The 56

Written By Matt Woodhead & Gemma Wilson

Developed with The Lowry and The Civic in Barnsely

‘Nobody Dies in Football Matches in Fires. It Doesn’t Happen’

At 3.40pm on May 11th 1985, a small fire broke out in the main stand at Valley Parade football ground during the last game of the season.  Within four minutes, the wooden structure was ablaze.

Adapted solely from over sixty real-life testimonies, this bold and pertinent piece of documentary theatre pays homage to the supporters who lost their lives in one of the darkest days in British footballing history.

On the 30th anniversary of the disaster, ‘The 56’ examines the solidarity, strength and community in the face of overwhelming tragedy.

Shortlisted for ‘Best Drama’ in the BBC Radio Drama Awards 2017
North East Theatre Guide’s Runner up for ‘Best Drama of 2016’
Directors Guild Award for Best Newcomer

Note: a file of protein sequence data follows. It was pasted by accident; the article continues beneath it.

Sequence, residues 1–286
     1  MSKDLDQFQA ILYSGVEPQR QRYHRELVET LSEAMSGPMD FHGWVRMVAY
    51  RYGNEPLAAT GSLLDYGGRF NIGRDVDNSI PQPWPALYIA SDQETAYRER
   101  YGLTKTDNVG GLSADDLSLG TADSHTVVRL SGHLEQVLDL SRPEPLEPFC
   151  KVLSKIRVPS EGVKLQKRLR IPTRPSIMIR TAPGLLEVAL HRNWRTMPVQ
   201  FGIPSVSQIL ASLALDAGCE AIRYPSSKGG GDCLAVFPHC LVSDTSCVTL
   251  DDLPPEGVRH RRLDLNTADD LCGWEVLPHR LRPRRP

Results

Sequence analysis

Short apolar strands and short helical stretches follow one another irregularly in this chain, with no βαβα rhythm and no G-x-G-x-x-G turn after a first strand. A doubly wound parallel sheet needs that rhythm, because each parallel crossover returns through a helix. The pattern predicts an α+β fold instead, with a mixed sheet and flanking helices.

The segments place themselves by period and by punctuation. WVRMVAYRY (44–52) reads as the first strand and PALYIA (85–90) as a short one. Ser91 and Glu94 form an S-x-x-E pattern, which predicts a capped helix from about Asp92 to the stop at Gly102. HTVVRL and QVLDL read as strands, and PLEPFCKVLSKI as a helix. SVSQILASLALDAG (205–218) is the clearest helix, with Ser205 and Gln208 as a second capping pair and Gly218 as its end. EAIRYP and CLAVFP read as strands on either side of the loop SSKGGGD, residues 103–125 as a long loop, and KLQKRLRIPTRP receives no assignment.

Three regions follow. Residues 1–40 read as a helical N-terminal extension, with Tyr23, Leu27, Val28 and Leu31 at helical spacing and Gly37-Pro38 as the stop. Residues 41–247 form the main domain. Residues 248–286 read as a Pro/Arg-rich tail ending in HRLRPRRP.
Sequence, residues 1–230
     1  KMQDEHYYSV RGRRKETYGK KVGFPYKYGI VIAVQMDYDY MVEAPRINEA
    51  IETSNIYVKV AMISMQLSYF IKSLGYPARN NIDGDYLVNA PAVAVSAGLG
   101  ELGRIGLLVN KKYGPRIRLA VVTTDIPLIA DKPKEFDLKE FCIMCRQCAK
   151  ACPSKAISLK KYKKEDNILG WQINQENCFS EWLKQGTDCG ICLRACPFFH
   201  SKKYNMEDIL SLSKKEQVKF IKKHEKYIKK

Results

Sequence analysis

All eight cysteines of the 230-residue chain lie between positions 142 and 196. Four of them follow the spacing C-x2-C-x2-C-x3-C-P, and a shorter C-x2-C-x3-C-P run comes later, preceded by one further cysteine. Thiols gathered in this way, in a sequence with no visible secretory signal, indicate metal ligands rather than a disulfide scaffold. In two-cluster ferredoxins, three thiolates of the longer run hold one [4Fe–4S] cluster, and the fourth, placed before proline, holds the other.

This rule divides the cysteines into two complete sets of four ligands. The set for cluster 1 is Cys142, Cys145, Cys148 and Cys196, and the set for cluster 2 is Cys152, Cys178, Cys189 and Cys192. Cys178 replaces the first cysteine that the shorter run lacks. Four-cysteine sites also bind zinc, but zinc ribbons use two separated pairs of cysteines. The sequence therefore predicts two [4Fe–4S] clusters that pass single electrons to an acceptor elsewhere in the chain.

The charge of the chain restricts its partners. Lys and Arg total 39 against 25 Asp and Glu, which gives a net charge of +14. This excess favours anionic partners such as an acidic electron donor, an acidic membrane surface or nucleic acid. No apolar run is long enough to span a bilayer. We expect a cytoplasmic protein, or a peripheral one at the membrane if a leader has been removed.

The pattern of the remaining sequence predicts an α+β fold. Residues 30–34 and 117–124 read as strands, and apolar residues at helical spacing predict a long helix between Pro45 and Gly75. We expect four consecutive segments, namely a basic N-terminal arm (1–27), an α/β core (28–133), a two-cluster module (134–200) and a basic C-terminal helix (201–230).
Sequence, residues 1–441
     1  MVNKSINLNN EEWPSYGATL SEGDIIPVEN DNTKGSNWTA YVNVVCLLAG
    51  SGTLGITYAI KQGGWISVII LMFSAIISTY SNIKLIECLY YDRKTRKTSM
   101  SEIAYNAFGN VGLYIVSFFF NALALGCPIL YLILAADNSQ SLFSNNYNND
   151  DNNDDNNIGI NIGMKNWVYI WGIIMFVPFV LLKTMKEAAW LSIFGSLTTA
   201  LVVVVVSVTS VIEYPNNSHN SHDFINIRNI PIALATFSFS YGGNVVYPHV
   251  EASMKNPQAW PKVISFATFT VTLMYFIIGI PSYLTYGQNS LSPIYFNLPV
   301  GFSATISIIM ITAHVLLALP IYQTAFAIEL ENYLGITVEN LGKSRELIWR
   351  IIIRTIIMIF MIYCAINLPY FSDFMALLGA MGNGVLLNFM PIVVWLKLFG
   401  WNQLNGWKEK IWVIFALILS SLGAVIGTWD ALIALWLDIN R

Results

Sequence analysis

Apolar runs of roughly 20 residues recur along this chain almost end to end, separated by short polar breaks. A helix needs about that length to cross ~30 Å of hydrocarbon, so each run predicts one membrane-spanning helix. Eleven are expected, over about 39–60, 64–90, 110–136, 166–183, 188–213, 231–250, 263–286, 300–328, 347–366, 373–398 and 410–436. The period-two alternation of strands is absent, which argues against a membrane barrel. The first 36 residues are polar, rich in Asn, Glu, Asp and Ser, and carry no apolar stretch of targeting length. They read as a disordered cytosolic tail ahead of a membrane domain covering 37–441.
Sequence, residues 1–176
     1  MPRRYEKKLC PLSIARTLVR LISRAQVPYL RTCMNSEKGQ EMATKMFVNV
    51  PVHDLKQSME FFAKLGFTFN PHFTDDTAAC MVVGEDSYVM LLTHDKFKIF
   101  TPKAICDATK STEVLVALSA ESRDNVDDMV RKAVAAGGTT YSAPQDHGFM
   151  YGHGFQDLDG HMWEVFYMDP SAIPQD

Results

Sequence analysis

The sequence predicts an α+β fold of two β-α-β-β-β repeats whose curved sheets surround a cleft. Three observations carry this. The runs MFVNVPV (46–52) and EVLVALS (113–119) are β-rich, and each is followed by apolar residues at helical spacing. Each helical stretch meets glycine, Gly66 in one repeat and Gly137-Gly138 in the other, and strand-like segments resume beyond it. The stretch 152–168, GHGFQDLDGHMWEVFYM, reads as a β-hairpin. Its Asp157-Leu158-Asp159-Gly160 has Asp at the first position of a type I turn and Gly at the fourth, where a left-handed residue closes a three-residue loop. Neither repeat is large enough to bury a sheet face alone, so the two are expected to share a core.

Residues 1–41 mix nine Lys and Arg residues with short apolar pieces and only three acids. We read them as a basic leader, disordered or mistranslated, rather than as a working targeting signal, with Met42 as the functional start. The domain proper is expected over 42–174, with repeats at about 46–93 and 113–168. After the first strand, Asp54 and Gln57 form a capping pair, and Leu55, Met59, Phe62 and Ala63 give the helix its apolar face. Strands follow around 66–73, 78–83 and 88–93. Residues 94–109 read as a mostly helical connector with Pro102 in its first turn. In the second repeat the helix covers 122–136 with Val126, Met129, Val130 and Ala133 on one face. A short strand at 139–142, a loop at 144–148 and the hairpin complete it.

Spotlight Award for Most Promising Actress
Judges Award for Best Ensemble (NSDF)

This is a challenging piece, certainly not entertainment in the precise sense of the word. It sets out to remind, to enlighten and to pay tribute both to the dead and to those without whom that death toll would inevitably have been much higher. It tells of how individuals, a football club, a city and a county were struck by disaster, of how they conducted themselves so courageously on the day and of how they gradually recovered in the years ahead. In this, it is totally successful – a theatrical experience not to be missed.

The Reviews Hub

The complete absence of movement is a strong directorial choice from Matthew Woodhead and it makes the piece exceptionally powerful, forcing the audience to meet the unflinching eyes of the performers as they share such traumatic accounts. Poignant and utterly haunting.

A Younger Theatre

The 56 is made with sensitivity and intelligence, and it’s eloquent about both community and the act of commemoration. This is definitely a company to watch.

The Stage

Intensely funny... a small gem of a play from a writer to watch"

The Telegraph

The 56 packs raw emotional power

The Sunday Times